Football wannabes hit the streets

8th February 2008 at 00:00
Playing football in the street is how some of the legends of the game learned the skills that took the breath away. More traffic and less tolerance make it harder for kids these days than it was for Baxter, Dalglish and Strachan.

But the football-playing youth of Aberdeen are out on the streets again, not just with the permission but with the express encouragement of the local police.

Streetfootball uses a portable sports pitch that can be erected on any surface. The idea came from Columbia, where it is known as "Football for Peace", via Germany. Arbroath was the location of the first project in Scotland, says Neil Brown, sports programmes manager at Robert Gordon University. But others have since sprung up around the north-east.

"In Aberdeen, we've been managing a project for three years, with a full-time, salaried development officer and volunteers mainly from the university. The project has just been extended for 18 months using new funding (pound;25,000) from Talisman Energy."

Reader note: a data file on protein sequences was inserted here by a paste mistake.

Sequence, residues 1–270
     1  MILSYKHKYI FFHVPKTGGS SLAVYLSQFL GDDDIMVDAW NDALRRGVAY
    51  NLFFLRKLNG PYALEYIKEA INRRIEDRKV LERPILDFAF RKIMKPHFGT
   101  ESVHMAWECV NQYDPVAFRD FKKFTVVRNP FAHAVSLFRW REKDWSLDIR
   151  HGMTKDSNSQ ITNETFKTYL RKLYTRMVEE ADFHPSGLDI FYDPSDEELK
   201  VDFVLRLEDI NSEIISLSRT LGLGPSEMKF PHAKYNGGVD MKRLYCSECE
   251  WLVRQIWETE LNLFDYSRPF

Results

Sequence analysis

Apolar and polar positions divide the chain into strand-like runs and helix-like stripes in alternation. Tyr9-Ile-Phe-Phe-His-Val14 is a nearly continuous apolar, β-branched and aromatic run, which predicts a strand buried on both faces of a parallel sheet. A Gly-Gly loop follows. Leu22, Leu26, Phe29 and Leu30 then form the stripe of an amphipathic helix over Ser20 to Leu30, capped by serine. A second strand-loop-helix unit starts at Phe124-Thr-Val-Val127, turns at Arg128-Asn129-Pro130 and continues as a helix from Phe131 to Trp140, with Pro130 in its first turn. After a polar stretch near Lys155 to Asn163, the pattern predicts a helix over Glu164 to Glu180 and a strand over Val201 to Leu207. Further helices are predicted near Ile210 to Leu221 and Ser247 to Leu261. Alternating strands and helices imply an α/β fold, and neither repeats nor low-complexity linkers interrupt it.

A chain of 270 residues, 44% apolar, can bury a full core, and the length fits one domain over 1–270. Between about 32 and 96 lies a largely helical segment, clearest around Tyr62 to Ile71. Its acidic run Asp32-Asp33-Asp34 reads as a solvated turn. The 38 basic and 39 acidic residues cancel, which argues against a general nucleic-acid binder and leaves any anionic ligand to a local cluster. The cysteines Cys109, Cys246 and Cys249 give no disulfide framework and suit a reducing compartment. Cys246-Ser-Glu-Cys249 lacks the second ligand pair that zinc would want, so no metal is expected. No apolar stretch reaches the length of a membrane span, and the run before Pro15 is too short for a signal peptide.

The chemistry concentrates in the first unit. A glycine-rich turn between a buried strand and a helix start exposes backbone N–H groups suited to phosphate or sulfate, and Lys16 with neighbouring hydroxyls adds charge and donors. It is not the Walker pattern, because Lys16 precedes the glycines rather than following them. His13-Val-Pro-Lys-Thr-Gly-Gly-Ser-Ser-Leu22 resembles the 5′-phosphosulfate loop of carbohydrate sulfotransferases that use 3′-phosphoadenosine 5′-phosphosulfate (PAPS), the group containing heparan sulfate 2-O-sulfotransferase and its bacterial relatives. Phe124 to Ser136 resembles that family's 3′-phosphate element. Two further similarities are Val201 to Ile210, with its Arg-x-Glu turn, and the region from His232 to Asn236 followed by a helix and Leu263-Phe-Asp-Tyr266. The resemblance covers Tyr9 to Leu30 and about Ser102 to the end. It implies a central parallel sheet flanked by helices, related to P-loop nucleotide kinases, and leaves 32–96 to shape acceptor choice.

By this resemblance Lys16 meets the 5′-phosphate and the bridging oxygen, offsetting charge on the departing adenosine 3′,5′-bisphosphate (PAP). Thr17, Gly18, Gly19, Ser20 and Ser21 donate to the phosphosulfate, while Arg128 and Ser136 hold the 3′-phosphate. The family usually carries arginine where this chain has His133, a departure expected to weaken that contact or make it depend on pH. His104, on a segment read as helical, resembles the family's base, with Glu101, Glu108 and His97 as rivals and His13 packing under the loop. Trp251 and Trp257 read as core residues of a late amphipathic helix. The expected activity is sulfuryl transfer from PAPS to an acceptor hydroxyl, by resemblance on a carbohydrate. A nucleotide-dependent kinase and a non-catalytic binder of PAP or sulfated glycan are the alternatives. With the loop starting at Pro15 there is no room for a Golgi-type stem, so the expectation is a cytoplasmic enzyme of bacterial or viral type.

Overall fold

The aim of Streetfootball is to take sport out to young people and promote healthy alternatives to alcohol, drugs and anti-social behaviour. Statistics in Aberdeen show how well it achieves this aim, says Mr Brown. "In the last year, almost 2,000 people aged five to 18 have taken part in a dozen locations. We can get 45 to 50 kids a night in some areas."

The mobile pitch is set up in one location for eight to 10 weeks, with staff on hand to organise activities and provide training. According to the university's evaluations, Grampian Police have reported a 66 per cent reduction in calls about youth misbehaviour at some locations.

As well as buying a second pitch and recruiting an assistant to the development officer, the project is now talking about exit strategies. "We want to partner with people, so that when we leave a location they can provide other things for kids to do," says Mr Brown.

It is also looking at sports beyond football, such as hockey and basketball, to help engage more boys and, it is hoped, girls.

Beyond the statistics, the enthusiasm of the participants testifies to the project's success, he says. They even turn up when it's snowing."

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